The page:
3 things to know about MD Anderson Cancer Network®

At MD Anderson, we believe that everyone deserves the best possible cancer care.

But we know that an extended stay in Houston isn’t a viable option for everyone, and we want to meet people where they are. Our mission dictates that we’ll help people who have cancer regardless of their location, and our MD Anderson Cancer Network® allows us to do just that.

At its core, Cancer Network builds relationships with other hospitals and health systems across Texas, the nation and the globe to share our proven standards of care and the knowledge of our world-renowned oncology experts. This collaboration can take different forms, from complete adoption of our methods and operations to advising on quality best practices to advancing the oncology field through clinical trials and academic exchanges.

Here's what we want patients and caregivers to know about the Cancer Network.

1.  We have a rigorous process for selecting organizations with which to collaborate.

“Each level of participation has specific requirements and assessments,” says Michael Brown, president and chief executive officer of MD Anderson Physicians Network. “We have far more interest from organizations that want to collaborate with us than those we actually bring into the Cancer Network.”

Most don’t even make it to our due diligence process because they didn’t meet our pre-qualifications requirements, which typically include cancer care capabilities, provider engagement and national certifications.

Partner members are required to integrate their clinical operations with MD Anderson and mirror how we deliver cancer care. There’s even a formal reporting relationship with medical directors at partner sites.

For certified member hospitals, we assess and offer tailored recommendations for clinical quality improvements. These physicians and organizations must meet national quality guidelines. For all Cancer Network providers, we offer education, remote multidisciplinary tumor boards and peer-to-peer consultation.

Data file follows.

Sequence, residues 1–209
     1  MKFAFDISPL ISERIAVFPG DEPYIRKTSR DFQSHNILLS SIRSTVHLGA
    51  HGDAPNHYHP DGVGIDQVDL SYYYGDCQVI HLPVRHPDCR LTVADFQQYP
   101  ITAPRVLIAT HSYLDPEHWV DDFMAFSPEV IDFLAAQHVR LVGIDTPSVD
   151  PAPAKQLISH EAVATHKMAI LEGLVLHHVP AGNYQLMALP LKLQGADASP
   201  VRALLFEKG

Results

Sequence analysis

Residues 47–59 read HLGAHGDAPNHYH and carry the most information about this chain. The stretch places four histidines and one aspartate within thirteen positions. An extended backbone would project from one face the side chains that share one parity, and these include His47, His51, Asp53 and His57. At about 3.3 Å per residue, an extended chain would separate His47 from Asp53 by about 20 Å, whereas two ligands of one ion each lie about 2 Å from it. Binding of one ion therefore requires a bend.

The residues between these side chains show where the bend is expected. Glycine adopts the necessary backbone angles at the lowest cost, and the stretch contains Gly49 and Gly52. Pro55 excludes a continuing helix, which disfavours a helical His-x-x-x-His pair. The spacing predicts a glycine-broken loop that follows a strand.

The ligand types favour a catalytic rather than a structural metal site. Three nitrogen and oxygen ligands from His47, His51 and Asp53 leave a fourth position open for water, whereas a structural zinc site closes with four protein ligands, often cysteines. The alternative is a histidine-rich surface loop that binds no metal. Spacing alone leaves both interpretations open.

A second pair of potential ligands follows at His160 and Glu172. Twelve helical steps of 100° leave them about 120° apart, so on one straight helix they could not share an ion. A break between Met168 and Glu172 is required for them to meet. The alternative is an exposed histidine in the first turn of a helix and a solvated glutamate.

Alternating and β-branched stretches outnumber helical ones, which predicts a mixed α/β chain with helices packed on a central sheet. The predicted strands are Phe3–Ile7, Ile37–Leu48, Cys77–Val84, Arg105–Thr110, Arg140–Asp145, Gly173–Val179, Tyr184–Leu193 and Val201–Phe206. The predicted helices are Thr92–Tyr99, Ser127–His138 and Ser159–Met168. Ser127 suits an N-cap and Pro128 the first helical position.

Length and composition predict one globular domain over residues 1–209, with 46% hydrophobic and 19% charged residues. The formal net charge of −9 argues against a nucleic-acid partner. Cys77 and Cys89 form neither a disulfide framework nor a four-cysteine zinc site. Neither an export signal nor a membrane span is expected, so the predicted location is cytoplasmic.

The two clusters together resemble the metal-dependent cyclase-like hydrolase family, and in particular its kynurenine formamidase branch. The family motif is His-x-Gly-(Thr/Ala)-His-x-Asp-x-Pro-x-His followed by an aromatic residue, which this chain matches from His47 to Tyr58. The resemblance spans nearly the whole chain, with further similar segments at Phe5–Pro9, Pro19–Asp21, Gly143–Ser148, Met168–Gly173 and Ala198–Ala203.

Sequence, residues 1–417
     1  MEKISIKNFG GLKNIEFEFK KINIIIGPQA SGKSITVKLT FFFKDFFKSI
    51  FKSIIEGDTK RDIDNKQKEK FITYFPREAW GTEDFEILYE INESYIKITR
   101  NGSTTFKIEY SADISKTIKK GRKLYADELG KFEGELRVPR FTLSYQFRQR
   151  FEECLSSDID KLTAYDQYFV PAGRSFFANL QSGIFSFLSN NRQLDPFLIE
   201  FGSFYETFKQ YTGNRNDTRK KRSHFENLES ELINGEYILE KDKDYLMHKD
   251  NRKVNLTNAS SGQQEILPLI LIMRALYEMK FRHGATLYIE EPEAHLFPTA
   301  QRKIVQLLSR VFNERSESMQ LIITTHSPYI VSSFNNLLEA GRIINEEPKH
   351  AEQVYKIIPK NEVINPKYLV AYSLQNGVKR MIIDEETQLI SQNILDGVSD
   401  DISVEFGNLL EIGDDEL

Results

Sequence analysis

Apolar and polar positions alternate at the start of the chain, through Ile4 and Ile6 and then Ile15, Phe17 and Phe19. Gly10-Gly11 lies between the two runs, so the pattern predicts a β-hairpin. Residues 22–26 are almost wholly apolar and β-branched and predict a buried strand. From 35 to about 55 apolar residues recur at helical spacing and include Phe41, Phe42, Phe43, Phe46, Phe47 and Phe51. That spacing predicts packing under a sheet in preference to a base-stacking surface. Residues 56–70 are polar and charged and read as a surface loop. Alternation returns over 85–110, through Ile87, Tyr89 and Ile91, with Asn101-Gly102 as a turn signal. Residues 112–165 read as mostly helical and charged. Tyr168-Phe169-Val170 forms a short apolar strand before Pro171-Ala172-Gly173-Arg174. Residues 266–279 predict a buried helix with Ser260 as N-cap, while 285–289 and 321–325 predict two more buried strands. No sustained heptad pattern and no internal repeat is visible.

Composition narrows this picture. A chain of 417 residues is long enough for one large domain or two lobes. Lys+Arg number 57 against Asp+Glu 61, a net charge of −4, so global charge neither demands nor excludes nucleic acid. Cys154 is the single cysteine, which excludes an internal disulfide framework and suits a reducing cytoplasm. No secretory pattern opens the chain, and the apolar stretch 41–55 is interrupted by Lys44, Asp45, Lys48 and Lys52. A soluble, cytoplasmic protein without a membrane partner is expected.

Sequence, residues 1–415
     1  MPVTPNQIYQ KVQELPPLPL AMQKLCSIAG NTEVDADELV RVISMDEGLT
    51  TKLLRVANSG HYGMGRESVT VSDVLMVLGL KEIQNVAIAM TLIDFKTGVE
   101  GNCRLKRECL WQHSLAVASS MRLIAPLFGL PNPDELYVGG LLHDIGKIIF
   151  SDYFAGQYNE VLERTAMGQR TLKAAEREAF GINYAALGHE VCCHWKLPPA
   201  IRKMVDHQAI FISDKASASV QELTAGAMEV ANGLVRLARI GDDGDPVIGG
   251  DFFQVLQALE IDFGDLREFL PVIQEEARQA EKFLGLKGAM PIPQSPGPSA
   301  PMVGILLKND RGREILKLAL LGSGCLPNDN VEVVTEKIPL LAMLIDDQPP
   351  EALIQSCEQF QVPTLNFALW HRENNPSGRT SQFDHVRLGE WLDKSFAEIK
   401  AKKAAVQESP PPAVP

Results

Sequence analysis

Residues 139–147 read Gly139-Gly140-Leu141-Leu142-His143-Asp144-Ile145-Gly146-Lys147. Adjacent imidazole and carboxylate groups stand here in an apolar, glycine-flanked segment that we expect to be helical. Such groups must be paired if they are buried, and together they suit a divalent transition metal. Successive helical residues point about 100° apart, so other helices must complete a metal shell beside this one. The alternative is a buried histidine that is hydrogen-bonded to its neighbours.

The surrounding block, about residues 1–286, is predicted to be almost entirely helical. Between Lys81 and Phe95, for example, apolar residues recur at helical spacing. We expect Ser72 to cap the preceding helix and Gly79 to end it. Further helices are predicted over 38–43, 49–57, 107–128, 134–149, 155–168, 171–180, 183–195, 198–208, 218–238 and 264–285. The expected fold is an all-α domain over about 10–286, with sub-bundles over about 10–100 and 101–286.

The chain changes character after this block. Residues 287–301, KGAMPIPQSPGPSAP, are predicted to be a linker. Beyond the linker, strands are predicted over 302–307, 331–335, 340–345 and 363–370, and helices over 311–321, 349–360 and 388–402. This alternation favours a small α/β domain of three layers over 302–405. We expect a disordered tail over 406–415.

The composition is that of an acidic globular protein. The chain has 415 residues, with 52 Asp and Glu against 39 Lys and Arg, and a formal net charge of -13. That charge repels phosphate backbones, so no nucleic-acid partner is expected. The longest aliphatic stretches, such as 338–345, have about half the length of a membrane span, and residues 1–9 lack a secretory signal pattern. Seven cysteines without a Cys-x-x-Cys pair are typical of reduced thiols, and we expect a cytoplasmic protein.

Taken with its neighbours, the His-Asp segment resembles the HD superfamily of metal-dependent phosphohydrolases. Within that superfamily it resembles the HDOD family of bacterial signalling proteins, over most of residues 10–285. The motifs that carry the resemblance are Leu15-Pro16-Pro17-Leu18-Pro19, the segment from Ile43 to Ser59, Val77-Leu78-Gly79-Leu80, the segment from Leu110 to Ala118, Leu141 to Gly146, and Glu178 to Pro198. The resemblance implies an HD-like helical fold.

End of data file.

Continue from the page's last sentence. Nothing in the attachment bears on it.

2.  We have a wealth of expertise to share, and we’re interested in learning from others.

Education is in our DNA at MD Anderson. So when our physicians review patients’ cases and treatment options with affiliated providers, they take advantage of opportunities to teach others and learn from them. Many of these providers already have a connection to MD Anderson, having completed residencies or fellowships here.

Administrators from MD Anderson and our members across the U.S. also share best practices on operational efficiencies that positively affect our hospitals.

And through our Global Academic Program and sister institution relationships, our researchers can learn from and collaborate with oncologists around the globe. Some of our most important clinical studies have involved member institutions.

“There’s really an exciting undercurrent of knowledge sharing in all aspects of our network,” says Michael Kupferman, M.D., senior vice president for Cancer Network Clinical and Academic Development.

“The Global Academic Program focuses on advancing awareness and education in the areas of population health, public policy, and clinical and translational research,” adds Kupferman.

3. We need teamwork to advance our understanding of how to end cancer.

Cancer Network activities align with other MD Anderson priorities such as advancing population health interventions as well as legislative policy initiatives.

“We’re excited to expand our research portfolio by creating a national clinical trials network,” Kupferman says.

By quickly accruing diverse patient populations onto our clinical trials, we can speed up data collection and translate it into meaningful scientific insights. This enables us to study more early-stage treatments, cancer in specific demographic groups, as well as rare tumors.

“This effort will make clinical trials more accessible, comprehensive and relevant to larger numbers of patients,” Kupferman says.

He adds that if you only remember one thing about Cancer Network, remember this: On both a small and large scale, effective cancer care is about teamwork. MD Anderson pioneered multidisciplinary care centered around the patient, so it only makes sense that we’d scale that concept to national and international providers and their patients.

Mindy Loya contributed to this article.

A longer version of this story originally appeared in Messenger, MD Anderson’s quarterly publication for employees, volunteers, retirees and their families.

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